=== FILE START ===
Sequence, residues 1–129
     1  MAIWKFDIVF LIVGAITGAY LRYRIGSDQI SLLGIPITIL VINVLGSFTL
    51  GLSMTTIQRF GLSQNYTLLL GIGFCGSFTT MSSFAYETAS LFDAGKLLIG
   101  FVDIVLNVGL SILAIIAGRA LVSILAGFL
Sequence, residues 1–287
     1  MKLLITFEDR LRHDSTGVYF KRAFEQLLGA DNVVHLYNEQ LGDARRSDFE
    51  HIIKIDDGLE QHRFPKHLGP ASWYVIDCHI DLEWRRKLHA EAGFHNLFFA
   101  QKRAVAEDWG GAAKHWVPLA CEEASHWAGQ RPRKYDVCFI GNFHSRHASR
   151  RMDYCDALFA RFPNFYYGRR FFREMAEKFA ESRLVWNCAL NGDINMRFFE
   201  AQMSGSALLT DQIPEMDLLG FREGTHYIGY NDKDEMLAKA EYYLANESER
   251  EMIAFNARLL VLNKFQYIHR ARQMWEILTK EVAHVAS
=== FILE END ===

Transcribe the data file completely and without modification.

Sequence, residues 1–129
     1  MAIWKFDIVF LIVGAITGAY LRYRIGSDQI SLLGIPITIL VINVLGSFTL
    51  GLSMTTIQRF GLSQNYTLLL GIGFCGSFTT MSSFAYETAS LFDAGKLLIG
   101  FVDIVLNVGL SILAIIAGRA LVSILAGFL
Sequence, residues 1–287
     1  MKLLITFEDR LRHDSTGVYF KRAFEQLLGA DNVVHLYNEQ LGDARRSDFE
    51  HIIKIDDGLE QHRFPKHLGP ASWYVIDCHI DLEWRRKLHA EAGFHNLFFA
   101  QKRAVAEDWG GAAKHWVPLA CEEASHWAGQ RPRKYDVCFI GNFHSRHASR
   151  RMDYCDALFA RFPNFYYGRR FFREMAEKFA ESRLVWNCAL NGDINMRFFE
   201  AQMSGSALLT DQIPEMDLLG FREGTHYIGY NDKDEMLAKA EYYLANESER
   251  EMIAFNARLL VLNKFQYIHR ARQMWEILTK EVAHVAS